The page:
Stephen Koranda

Contributing Reporter

Stephen Koranda reports on the Kansas Legislature, state government and everything else for Kansas Public Radio. He previously worked in Mississippi and Iowa, where he covered stories ranging from hurricanes to state executions. 

Stephen Koranda / KPR

A former Kansas House Speaker told state lawmakers to fight back against a court ruling over school funding. The state Supreme Court says lawmakers must reduce funding disparities among school districts or schools could close.

Former Republican Rep. Mike O’Neal didn’t tell Kansas legislators directly to defy the court, he said they should respond. But he said they could point to state law passed years ago saying the court can’t close schools.

https://www.kansasregents.org/index.cfm

Tuition costs for university students in Kansas will be going up in the fall. The Kansas Board of Regents has approved increases of up to 6 percent for undergraduate, in-state tuition.

The universities in Kansas say the increases are justified by state budget cuts, rising costs and the need to retain and attract staff. Board of Regents Chair Shane Bangerter has concerns about universities staying competitive in the state’s tough budget situation.

Stephen Koranda / KPR/File photo

Thousands of people in Kansas have incomplete voter registrations, which means they haven’t been able to vote. They were caught up in the state’s requirement that some people provide citizenship documents when registering. Now, a federal appeals court says many of those people should be allowed to vote in federal elections.

Axelboldt/Wikipedia public domain

The Kansas State Board of Education has approved a motion that says federal transgender guidelines for schools remove local control.

The statement doesn’t say schools should defy the rules or ignore the needs of transgender students. Instead, it says Kansas schools have already been accommodating transgender students, and decisions on how to do that should be made by local districts, not the federal government.

Joint Task Force Guantanamo, flickr Creative Commons

Reuters is reporting that the Obama administration will not use an executive order to close the Guantanamo Bay detention center. Closing the facility could have an impact on Kansas.

An executive order may have been President Obama’s best chance to close the facility during his remaining time in office. Congress has taken steps to block the transfer of detainees to the U.S. mainland, so they seem unlikely to bargain with the president on the issue.

J. Stephen Conn, flickr Creative Commons

Kansas lawmakers may comply with a court ruling over school funding, but they could also take a swipe at the courts in the process.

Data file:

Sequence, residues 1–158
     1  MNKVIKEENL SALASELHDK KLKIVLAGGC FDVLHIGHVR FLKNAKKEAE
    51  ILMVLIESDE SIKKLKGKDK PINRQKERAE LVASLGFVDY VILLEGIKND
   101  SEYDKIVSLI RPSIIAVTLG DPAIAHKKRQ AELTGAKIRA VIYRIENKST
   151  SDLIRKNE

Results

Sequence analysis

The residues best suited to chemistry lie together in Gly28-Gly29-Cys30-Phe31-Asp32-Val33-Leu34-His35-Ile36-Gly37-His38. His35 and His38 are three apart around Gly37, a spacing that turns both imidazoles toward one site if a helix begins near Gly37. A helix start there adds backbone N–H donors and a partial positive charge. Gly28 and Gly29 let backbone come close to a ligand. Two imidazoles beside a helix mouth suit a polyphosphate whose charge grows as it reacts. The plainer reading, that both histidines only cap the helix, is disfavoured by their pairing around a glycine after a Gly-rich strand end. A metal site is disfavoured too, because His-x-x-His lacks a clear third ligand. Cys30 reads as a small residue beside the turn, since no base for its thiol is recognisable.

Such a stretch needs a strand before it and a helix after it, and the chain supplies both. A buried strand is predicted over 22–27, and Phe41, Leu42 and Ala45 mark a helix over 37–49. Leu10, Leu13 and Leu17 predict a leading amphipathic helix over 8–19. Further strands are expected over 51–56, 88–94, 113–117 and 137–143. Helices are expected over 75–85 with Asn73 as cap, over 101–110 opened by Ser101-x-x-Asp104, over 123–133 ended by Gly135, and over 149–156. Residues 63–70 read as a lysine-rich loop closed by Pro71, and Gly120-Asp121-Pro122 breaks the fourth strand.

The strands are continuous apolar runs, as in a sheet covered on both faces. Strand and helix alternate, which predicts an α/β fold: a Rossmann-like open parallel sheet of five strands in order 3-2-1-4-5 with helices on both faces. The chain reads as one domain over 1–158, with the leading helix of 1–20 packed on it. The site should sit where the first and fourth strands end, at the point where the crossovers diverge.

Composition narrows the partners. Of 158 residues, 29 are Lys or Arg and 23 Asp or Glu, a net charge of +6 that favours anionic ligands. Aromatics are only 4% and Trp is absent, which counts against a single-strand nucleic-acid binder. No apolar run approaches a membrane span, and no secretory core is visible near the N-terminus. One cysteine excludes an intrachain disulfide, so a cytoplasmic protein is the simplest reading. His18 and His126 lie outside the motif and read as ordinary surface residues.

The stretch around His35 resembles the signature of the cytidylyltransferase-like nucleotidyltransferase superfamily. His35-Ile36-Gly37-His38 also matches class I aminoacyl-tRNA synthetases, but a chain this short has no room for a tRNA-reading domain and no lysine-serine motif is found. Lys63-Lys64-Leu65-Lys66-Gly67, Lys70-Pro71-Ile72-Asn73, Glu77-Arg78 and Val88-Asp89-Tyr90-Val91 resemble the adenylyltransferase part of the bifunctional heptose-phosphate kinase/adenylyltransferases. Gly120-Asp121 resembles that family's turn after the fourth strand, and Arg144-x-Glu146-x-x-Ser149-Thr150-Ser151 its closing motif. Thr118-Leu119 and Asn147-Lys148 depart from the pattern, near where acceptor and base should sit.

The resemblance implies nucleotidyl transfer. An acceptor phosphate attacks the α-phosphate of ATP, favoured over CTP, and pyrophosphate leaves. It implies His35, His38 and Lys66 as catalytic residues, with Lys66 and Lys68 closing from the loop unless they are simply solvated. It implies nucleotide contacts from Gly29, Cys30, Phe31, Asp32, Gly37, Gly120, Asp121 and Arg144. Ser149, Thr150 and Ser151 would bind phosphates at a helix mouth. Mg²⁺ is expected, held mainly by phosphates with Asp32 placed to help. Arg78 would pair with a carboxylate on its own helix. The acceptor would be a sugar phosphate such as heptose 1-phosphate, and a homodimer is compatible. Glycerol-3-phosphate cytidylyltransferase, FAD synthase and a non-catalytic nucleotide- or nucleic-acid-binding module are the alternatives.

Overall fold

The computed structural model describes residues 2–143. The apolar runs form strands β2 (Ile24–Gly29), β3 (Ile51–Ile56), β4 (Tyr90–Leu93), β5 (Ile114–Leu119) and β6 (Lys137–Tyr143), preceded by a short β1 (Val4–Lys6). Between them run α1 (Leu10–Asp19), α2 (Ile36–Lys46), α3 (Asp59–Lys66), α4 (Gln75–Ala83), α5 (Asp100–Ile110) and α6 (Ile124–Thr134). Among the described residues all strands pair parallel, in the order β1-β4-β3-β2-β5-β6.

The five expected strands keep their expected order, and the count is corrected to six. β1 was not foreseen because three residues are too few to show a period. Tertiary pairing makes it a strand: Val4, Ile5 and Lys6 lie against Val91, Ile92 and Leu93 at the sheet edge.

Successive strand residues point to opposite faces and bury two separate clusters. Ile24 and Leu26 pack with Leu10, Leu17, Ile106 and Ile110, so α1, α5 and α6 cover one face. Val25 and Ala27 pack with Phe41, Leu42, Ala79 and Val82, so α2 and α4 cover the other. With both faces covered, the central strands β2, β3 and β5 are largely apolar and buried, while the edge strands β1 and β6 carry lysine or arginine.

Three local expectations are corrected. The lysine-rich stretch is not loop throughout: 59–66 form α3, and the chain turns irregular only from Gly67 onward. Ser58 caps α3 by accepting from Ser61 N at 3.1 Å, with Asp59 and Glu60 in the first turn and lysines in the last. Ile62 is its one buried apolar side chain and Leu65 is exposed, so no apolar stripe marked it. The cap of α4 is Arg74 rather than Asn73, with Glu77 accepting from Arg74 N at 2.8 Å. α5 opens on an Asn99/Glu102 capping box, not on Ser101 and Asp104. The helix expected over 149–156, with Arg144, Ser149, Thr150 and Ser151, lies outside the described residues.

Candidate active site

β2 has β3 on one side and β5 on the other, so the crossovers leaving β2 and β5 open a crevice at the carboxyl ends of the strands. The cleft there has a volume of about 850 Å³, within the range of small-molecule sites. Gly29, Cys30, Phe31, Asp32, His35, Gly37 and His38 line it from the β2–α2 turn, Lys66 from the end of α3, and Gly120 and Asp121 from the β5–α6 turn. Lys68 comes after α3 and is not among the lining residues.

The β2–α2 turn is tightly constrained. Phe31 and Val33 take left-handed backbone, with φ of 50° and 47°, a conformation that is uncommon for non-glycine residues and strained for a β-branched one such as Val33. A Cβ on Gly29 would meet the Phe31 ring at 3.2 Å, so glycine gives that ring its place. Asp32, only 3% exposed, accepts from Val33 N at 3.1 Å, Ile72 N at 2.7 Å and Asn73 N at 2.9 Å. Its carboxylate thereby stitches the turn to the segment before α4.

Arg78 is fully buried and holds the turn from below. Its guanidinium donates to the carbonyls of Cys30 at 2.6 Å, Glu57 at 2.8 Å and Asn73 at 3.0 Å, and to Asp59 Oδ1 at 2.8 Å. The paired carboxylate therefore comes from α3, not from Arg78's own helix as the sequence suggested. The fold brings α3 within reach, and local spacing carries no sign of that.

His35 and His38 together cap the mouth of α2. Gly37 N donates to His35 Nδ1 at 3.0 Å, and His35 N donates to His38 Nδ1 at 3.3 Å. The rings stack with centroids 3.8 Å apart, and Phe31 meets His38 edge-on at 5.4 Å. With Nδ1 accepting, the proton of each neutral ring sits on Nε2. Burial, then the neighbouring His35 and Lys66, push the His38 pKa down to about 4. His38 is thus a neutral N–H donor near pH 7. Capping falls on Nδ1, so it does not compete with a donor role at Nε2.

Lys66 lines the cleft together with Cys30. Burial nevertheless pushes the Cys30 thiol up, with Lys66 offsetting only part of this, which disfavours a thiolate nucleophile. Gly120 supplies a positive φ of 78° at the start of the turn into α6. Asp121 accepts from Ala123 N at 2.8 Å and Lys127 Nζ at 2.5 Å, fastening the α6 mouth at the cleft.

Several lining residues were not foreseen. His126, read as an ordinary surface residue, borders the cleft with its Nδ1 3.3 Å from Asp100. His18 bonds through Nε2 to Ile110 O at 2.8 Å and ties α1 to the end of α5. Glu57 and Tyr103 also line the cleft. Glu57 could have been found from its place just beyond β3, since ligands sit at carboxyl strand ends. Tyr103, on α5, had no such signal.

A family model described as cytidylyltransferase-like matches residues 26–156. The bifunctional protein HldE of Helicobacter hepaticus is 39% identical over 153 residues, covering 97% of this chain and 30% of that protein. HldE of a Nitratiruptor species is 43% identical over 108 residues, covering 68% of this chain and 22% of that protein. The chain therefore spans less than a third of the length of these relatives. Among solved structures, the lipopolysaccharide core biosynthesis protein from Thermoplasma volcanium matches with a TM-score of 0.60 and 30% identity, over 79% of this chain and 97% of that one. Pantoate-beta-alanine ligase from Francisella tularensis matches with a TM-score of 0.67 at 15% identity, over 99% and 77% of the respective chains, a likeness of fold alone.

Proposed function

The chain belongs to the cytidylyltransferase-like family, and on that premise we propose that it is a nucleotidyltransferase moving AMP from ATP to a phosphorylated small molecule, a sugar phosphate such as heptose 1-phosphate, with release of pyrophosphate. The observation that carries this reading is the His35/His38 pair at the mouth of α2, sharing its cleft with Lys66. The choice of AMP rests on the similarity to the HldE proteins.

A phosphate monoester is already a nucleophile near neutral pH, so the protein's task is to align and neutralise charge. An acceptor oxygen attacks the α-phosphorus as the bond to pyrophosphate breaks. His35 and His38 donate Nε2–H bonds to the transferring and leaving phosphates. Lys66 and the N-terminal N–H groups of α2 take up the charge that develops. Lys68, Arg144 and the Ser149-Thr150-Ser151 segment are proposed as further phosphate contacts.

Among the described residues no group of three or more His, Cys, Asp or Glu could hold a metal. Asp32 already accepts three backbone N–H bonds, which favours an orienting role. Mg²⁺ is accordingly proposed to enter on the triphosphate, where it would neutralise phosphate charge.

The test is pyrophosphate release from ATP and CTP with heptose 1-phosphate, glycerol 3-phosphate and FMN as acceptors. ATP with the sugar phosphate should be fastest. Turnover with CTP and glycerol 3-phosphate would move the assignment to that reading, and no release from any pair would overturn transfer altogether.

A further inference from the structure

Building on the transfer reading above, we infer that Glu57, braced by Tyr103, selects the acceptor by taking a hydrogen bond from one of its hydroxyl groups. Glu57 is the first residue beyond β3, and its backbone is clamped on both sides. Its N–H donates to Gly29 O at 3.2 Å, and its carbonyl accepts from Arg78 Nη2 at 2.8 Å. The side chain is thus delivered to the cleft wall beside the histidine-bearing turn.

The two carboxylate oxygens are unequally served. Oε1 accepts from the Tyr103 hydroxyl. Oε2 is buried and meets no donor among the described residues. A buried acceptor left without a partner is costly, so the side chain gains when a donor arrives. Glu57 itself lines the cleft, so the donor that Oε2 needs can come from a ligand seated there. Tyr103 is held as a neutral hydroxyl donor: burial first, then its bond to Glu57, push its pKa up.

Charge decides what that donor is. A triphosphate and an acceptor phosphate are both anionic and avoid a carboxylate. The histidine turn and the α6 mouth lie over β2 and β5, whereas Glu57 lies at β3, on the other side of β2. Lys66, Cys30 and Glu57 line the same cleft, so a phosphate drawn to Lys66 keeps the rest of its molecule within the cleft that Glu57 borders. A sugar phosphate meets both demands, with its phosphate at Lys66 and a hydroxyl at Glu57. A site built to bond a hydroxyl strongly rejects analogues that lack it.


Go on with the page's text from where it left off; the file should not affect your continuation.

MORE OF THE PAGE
Legislators want to avoid a school shutdown in a legal fight over school funding, but Gov. Sam Brownback and some other legislators aren’t happy with the Kansas Supreme Court ruling on the matter.

Stephen Koranda / Kansas Public Radio/File Photo

Kansas Gov. Sam Brownback says lawmakers might add $38 million in education funding to comply with a court ruling that says school funding needs to be more equitable.

The Senate’s vice president, Republican Jeff King, says they may consider adding school aid for poorer districts to comply with the Supreme Court, but he expects there will also be other options in the mix.

Stephen Koranda / KPR

Kansas lawmakers will begin committee meetings next week in advance of a special session focused on school funding issues. The committees could discuss a constitutional amendment that would block the courts from shutting down schools during funding disputes.

The state is currently involved in a legal fight over school funding. The Kansas Supreme Court has said if it isn’t fixed by the end of the month, the funding system will be unconstitutional and schools could be closed.

Stephen Koranda, File Photo

Republican Gov. Sam Brownback has made it official. He has signed an order saying Kansas lawmakers will return to Topeka on Thursday, June 23, for a special session on education funding issues.

The Kansas Supreme Court says funding inequalities among school districts have to be reduced or schools will close after the end of the month. Brownback made it clear he doesn’t agree with the ruling, but he wants to avoid schools closing, so he said lawmakers might add more money to comply.

Stephen Koranda / KPR/File photo

Update via AP Wednesday, 10:06 a.m.: Gov. Sam Brownback is preparing to set the date for a special session of the Kansas Legislature on school funding.

The Republican governor plans to sign a proclamation Wednesday afternoon formally calling the GOP-dominated Legislature into special session.

He wants lawmakers to respond to a state Supreme Court order last month declaring that public schools won't be able to open after June 30 if legislators don't rewrite school finance laws.

The court rejected some changes made earlier this year in how Kansas distributes more than $4 billion a year in aid to its 286 local school districts.

The justices said education funding remains unfair to poor districts. Many Republicans have strongly criticized the ruling, and some have wanted to defy the court.

Lawmakers adjourned their annual session June 1.

Original story:

Republican Kansas Gov. Sam Brownback says he will call state lawmakers back to Topeka for a special session to work on school funding issues. In a statement, Brownback said he made the decision after consulting with legislative leaders.

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